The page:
The two Iranian nationals, Ahmad Abolfathi Mohammed and Sayed Mansour Mousavi, had come to Kenya on June 12, 2012, on a tourist/business survey visa.

Upon arrival at JKIA, they had taken a flight to Mombasa and checked in at the Royal Castle Hotel where they had been booked for 10 days by the Teheran Golfers Travel Agency.

They, however, checked out of that hotel on June 16, 2012, after five days and flew to Nairobi where they stayed at the Laico Regency for three days.

Anti-Terrorist Police Unit

On June 19, 2012, while on their way to the airport to catch a return flight back to their country, they were arrested by the Anti-Terrorist Police Unit on allegations of having come to Kenya on a terrorist mission.

The suspects were later charged before the Chief Magistrate’s Court in Nairobi with three offences, including being in possession of 15kgs of the highly explosive chemical, RDX.

They were convicted and sentenced to life imprisonment on the first count, 10 years on the second count and a 15- year jail term on the third count. The sentences were to run concurrently.

President William Ruto

President William Ruto with Iranian President Ebrahim Raisi during the State Visit at State House, Nairobi on July 12, 2023.

Photo credit: PCS

The Iranian convicts appealed the verdict at the High Court, which upheld the conviction. The court, however, allowed their appeal against the life sentence, arguing that it was excessive. Consequently, the judge set aside that sentence and substituted it with a composite term of 15 years.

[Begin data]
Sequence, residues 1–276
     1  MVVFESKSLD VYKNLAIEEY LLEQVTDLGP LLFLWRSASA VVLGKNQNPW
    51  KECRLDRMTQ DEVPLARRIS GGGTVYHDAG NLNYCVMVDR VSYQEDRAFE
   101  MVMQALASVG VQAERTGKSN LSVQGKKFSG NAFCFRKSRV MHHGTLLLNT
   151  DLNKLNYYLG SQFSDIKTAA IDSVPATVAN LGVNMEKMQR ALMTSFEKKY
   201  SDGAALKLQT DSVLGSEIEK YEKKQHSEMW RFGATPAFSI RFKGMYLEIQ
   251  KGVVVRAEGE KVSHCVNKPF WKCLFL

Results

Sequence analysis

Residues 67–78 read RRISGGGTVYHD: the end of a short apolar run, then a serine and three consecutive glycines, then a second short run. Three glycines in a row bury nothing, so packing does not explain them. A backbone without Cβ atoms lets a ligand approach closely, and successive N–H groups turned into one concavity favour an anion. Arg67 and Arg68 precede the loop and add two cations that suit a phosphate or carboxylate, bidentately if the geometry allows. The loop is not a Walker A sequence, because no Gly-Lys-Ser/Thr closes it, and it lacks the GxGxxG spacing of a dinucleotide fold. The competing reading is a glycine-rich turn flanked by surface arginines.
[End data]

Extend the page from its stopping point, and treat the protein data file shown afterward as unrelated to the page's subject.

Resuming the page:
The convicts moved to the Court of Appeal, which quashed their conviction and set aside the sentence. This is the decision which provoked the appeal by the State.

“This is a unique judgment. It has broken new ground in a matter certified as raising matters of great public interest as stated elsewhere above. By it, we have clarified issues that should guide lower courts in the discharge of their mandate in determining criminal cases,” stated the Supreme Court’s verdict on March 15, 2019.

The top judges allowed the State’s appeal, upheld the conviction of the terrorists and ruled that they “shall serve the remainder of their imprisonment term after which they shall be repatriated to their country.”

While in prison, there was a botched plot to facilitate their escape that was linked to an Iranian ambassador.

However, the two were later released mysteriously from Kamiti Maximum Security Prison in 2022.